I immediately called the temp agency and told them I was unavailable until further notice. For the next few - too few - months, I was at my dad's side 12 to 14 hours a day, whether he was home or in hospital. It was my first experience in caregiving. I treasure each and every minute spent with him.

Years later, when my mom had surgery, my heart-sis and I took turns staying all night until we were assured of her safety and recovery. There was never a question about whether we'd do it, only about who was going to take the first shift. (Usually I did, because I'm a bit of a night owl anyway.) Like my dad, she always felt comforted and secure when we were there. And we were glad to do it.

You are doing, have done, and will continue to do the right thing, the best thing, for your mom, my dear. From one caregiver to another; I can tell. Bless you.

healthcare hostages said...

Thank you JM! It just felt like the right thing to do. I know she made many sacrifices for me over the years.

I am also a night owl, unfortunately, I am a bit of a control freak too!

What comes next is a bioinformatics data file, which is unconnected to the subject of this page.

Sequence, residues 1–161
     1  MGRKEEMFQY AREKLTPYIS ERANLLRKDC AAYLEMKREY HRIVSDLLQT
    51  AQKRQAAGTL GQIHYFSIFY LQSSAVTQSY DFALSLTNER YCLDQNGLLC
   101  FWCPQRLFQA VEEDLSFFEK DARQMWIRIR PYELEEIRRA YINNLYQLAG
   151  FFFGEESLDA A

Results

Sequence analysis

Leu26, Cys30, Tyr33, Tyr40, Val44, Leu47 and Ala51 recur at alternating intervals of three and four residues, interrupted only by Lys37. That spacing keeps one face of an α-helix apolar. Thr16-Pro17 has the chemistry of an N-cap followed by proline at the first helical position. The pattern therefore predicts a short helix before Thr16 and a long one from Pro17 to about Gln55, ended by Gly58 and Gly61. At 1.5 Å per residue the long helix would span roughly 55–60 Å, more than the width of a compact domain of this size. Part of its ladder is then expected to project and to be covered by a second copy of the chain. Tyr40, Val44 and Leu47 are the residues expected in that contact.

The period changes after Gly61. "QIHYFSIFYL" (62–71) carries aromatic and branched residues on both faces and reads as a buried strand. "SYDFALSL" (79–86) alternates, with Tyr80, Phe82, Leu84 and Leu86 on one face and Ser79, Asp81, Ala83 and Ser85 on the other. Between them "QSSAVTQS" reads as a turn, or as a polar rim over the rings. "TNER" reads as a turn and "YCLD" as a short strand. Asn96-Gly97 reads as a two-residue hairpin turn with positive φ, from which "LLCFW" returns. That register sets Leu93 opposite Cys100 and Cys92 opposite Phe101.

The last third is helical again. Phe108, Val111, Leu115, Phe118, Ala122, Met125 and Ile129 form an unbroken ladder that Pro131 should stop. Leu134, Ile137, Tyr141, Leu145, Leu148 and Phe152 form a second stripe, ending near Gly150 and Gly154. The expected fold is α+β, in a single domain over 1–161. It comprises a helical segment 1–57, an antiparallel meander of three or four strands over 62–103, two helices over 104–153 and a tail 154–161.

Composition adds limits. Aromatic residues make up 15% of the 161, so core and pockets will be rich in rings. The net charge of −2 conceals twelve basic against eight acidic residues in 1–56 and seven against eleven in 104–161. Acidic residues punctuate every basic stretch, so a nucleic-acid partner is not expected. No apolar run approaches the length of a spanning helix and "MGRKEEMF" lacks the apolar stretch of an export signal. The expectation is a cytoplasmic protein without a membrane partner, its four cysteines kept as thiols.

I so appreciate your insights. It somehow makes it easier once you finally pulled my head out of the sand and realized I AM NOT THE FIRST; LAST; OR ONLY person to have taken this journey.

I so appreciate your taking the time, not only to read, but also commenting and sharing your own experiences!

Thank you again!

Anita Scott said...

And the saga continues sister. Always thinking of you and praying that the Lord keeps you strong. I love you!

Anita Scott said...

Always thinking of you and praying that the Lord keep giving you strength sister. I wish I could be there more. I love you!

healthcare hostages said...

Thank you sister! The Lord wouldn't have brought us to it if he wasn't going to bring us through it, right?

Keep praying!